Who To Follow On Twitter: WB Yeats, Maud Gonne and Iseult Gonne

Willie, Maud and Iseult, three of the most imaginative people who ever lived, never imagined the Internet or Twitter.

If they were alive today, I imagine Maud would leap on Twitter for PR purposes, Iseult would shun it, and Willie would dismiss it for a time, with a lofty air of Parnassus, for the low-brow level of the conversation and the low-bred emotion of the crowd… but then be drawn in by finding his own way to use it.

I like to tweet regularly about Yeats and the Gonnes, as I find interesting new information about their life and work. You can follow those tweets here.

And here's a Storify list of people to follow if you're interested in learning more:

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Best Twitter Hashtags For Writers

There are 175 million registered users on Twitter producing about 95 million tweets every day.

One of the key ways Tweeters keep our communications useful is by using hashtags and very vibrant literary communities have grown up around specific hashtags.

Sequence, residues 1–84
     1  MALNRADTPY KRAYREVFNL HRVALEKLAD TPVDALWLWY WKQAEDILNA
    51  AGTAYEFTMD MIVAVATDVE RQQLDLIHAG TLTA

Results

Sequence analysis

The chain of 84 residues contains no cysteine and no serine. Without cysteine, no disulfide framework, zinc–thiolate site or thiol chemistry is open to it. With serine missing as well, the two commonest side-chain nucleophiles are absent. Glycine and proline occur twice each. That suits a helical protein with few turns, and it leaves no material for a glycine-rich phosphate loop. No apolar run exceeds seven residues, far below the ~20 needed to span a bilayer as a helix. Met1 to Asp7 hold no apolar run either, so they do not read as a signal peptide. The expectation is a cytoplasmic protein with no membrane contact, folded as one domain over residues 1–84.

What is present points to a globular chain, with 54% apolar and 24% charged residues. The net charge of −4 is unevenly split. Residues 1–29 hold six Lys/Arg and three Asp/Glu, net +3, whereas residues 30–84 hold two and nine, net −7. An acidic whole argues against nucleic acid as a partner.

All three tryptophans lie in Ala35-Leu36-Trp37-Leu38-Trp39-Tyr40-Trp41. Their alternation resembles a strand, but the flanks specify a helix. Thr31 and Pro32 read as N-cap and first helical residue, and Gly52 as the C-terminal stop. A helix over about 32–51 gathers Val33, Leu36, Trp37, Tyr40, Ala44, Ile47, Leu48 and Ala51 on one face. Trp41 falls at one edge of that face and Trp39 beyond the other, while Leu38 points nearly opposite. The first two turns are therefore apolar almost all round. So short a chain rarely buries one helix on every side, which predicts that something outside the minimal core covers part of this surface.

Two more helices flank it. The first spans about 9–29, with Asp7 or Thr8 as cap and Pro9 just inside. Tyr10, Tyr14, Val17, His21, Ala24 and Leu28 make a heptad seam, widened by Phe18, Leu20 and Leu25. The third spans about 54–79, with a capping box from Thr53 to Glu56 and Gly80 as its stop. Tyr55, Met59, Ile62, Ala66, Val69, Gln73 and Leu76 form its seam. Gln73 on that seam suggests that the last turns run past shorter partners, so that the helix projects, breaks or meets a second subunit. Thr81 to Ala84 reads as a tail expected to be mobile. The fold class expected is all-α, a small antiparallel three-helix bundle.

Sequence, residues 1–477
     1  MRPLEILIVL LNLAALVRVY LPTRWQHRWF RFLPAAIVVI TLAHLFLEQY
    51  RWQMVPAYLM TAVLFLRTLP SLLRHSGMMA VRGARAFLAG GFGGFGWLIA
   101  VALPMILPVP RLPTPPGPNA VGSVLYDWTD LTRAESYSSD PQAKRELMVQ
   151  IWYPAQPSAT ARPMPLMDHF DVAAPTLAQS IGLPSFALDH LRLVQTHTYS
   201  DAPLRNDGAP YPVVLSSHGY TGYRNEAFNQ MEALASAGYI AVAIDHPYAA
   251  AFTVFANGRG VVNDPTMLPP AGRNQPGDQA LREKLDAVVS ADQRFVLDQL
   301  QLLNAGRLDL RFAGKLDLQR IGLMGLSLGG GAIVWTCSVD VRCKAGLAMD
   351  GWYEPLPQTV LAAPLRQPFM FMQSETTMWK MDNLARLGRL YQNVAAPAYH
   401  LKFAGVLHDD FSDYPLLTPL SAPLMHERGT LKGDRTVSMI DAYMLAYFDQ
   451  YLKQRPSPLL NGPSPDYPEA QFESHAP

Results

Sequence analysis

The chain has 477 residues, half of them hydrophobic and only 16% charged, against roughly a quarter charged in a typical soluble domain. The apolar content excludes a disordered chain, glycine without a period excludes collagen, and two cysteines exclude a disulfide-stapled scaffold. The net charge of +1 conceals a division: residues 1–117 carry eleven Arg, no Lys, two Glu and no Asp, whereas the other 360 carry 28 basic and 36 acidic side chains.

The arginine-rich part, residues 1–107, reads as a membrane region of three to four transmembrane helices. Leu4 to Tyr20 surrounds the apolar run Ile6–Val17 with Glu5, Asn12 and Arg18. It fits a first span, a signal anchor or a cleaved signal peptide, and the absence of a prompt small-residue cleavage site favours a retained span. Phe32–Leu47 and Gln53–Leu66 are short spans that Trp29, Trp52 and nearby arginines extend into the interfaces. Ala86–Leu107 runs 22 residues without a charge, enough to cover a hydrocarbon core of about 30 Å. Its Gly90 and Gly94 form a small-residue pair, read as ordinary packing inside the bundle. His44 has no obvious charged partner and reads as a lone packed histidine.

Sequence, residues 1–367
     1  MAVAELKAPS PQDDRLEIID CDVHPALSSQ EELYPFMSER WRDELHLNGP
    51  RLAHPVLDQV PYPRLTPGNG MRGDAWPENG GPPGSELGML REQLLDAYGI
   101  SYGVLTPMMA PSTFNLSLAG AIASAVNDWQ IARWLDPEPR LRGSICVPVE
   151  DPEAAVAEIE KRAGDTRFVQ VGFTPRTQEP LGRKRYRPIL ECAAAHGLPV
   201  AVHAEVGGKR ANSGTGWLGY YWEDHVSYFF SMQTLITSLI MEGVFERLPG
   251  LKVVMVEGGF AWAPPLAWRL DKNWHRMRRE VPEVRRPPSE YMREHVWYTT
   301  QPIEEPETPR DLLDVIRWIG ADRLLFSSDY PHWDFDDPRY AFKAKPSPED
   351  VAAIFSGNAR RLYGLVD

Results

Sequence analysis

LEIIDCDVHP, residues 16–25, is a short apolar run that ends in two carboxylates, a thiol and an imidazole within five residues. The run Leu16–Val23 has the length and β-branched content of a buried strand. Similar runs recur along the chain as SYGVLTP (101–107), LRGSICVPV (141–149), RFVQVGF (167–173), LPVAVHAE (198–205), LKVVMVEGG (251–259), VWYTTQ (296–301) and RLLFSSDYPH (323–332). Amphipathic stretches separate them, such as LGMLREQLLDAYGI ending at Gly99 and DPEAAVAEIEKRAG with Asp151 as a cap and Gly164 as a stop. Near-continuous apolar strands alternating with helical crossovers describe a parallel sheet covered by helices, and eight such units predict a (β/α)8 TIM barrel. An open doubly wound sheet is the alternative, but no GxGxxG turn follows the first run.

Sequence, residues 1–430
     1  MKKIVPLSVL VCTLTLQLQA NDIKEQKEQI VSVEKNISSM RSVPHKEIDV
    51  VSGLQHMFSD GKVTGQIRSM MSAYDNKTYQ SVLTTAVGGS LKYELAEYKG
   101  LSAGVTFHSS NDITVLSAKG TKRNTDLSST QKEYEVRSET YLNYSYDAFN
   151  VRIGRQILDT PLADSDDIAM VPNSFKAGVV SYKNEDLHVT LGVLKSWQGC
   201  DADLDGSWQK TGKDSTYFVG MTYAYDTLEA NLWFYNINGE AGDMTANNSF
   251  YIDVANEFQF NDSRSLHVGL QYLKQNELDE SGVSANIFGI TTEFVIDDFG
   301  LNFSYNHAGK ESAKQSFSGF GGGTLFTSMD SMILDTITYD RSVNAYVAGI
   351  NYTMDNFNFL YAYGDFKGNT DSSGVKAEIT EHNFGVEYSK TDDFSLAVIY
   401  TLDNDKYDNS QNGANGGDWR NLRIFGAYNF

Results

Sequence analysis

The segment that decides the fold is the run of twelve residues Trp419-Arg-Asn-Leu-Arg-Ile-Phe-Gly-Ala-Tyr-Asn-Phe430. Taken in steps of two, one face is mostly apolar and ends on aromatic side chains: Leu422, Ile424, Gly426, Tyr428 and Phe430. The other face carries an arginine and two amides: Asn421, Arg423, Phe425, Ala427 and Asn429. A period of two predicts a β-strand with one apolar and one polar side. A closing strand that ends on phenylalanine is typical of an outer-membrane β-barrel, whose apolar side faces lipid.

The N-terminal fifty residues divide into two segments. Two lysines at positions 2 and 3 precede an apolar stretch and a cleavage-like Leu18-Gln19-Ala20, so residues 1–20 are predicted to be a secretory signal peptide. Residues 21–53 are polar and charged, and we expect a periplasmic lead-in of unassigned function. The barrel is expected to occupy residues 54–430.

So what are they — and how can you best use them?

Here's what Twitter has to say about

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10 Ways Twitter Can Make You A Better Writer.

Here are ten things writers need to do that are fostered by the constraints of Twitter and other micro-blogging apps: creative intelligence white flower

  1. Evaluate yourself as a writer. Who are you? What topics interest you? What do you want to express – in this tweet and over time?  If you haven't asked yourself such questions starting out, you'll come to them before long.
  2. Make style reflect content. What writing style comes naturally to you — informational, snarky, amusing, inspirational? What style best suits your

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